What advantages do the writers of the turn of the 20th century offer? The main difference and prime advantage, I think, lies in their holistic approach to economic and political analysis. It was holistic in the sense that they discussed the structural features of capitalism: social relations between capital owners and wage workers, distribution of national income between capital and labor, formation of the social elite. In contrast, today’s discussion was until recently dominated by attempts to apply small fixes and to keep questions about the systemic structure off the table.
The recent narrower approach is, at least in economics, a product of two developments. The first, dating to the 1950s or so, involves a systematic disregard for the differences in people’s positions in the process of production: their agency, power, and material inequality. Gradually, the discussion of classes, so salient in early economics, disappeared, and all individuals were considered simply as “economic agents” maximizing their utility under the conditions of given endowments.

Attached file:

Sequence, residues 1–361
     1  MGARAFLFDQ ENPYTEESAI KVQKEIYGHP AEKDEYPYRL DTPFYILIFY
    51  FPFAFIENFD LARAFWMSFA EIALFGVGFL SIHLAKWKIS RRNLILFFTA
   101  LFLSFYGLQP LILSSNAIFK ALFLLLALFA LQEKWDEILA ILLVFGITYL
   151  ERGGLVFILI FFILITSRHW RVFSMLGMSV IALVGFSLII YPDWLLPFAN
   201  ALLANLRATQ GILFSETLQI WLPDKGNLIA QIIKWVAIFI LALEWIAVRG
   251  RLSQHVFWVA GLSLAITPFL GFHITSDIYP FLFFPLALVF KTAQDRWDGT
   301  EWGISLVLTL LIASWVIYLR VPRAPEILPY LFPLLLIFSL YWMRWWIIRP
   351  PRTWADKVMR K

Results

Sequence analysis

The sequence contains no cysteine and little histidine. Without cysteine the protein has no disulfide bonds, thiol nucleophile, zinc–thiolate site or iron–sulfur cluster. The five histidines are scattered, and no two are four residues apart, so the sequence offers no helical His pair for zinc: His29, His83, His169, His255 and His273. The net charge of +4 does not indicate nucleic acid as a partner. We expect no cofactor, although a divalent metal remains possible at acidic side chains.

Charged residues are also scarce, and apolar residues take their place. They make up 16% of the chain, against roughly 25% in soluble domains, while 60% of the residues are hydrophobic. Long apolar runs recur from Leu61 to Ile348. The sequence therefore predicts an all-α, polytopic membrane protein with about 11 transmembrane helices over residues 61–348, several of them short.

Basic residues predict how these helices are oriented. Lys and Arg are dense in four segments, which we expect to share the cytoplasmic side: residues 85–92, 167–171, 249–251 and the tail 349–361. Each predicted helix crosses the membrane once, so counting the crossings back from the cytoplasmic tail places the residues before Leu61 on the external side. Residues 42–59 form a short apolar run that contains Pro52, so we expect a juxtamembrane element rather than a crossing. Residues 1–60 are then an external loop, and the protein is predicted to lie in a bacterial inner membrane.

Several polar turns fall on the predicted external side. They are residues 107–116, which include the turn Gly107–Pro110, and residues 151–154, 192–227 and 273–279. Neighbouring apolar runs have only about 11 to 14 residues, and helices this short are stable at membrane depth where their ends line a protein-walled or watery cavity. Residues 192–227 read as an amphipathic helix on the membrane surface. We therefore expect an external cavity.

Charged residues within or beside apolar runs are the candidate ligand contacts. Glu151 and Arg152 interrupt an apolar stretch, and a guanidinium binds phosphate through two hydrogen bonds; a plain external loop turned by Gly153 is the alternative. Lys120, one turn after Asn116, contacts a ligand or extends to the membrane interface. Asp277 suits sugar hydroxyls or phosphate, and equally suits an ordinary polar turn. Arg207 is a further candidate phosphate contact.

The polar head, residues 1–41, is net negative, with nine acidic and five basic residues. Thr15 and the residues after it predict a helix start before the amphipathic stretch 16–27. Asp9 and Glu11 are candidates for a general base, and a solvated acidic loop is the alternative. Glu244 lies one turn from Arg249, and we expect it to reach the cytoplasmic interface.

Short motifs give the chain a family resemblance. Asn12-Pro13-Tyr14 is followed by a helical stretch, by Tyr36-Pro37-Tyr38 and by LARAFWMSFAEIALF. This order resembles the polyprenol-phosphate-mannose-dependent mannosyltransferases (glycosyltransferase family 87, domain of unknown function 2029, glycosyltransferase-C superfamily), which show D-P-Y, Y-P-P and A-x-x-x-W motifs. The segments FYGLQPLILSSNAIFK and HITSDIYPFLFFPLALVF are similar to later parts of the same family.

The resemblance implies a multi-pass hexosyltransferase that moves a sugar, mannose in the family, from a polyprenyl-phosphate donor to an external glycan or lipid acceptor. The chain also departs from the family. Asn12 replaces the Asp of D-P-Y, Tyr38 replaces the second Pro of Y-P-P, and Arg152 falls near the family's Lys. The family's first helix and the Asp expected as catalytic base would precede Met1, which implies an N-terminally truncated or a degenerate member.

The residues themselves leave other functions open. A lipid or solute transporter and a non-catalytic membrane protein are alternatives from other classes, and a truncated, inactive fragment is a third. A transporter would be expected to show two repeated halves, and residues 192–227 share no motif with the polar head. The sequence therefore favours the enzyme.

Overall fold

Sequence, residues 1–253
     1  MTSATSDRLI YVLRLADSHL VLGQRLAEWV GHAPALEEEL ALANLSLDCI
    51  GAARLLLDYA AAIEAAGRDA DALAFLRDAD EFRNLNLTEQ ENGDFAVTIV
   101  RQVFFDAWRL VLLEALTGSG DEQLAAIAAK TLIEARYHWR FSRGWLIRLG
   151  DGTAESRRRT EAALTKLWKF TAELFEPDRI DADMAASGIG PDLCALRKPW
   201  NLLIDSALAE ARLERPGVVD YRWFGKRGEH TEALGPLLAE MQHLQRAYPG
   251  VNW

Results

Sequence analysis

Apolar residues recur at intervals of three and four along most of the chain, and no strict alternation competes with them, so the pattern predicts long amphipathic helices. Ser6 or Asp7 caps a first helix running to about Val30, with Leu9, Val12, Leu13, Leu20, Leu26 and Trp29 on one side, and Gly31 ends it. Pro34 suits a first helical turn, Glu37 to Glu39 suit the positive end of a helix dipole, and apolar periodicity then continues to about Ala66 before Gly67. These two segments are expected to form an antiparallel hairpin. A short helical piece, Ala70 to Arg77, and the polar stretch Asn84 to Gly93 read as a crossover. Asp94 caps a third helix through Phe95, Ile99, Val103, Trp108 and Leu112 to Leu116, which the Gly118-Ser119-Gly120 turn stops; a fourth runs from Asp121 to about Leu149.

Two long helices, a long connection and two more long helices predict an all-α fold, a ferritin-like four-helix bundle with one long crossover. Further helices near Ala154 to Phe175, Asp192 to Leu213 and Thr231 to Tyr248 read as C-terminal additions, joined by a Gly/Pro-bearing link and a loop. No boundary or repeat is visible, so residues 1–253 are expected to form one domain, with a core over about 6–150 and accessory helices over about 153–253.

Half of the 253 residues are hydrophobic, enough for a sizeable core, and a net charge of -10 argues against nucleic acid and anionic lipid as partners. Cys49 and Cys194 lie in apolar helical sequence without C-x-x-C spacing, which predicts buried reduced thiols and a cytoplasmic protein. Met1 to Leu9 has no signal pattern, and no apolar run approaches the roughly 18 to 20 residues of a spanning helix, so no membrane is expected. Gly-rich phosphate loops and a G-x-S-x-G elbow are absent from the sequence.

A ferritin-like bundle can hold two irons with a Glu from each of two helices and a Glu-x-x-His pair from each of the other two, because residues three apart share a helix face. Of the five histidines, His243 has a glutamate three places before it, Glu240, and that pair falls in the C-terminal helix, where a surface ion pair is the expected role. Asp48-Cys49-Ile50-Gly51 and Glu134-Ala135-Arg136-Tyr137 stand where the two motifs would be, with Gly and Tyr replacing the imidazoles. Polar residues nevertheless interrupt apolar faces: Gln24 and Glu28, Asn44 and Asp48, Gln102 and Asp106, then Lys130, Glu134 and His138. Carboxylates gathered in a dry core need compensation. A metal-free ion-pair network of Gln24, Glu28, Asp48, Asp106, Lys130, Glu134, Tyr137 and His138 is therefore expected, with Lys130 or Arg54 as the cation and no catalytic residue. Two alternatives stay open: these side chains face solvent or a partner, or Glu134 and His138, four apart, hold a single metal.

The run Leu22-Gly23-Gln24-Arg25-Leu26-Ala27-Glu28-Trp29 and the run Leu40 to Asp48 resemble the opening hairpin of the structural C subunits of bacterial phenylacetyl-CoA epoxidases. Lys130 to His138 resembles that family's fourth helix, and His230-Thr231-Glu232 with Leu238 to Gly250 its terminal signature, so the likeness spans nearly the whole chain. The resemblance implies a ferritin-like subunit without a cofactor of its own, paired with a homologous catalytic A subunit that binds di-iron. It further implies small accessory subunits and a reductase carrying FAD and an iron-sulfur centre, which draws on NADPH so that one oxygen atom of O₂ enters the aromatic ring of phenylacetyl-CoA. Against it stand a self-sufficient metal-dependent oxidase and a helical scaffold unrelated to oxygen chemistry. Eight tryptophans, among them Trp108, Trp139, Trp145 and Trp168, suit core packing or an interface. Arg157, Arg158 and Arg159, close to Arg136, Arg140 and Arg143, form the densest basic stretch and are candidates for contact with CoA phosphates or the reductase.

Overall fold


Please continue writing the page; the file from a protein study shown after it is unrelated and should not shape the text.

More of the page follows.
The second trend, exacerbating the first, was the triumphalism that spread after the end of communism. Social scientists came to believe that the fundamental problem of how a human society should be organized was solved: liberal democracy politically and capitalism economically. Scholars embraced the idea that the structural edifice of society was immutable, and that only small homeopathic fixes were needed to solve the outstanding problems.
Many people — though still too few — are awakening to the fact that the problems of rich Western democracies, and to a lesser extent of emerging market economies, are fundamental. This is why it is useful to go back to the old masters, who had no doubts that the problems they faced were profound, even if many of them proposed solutions that made some of these problems worse. Fortunately, we can now sift through the proposed solutions and discard the mistakes.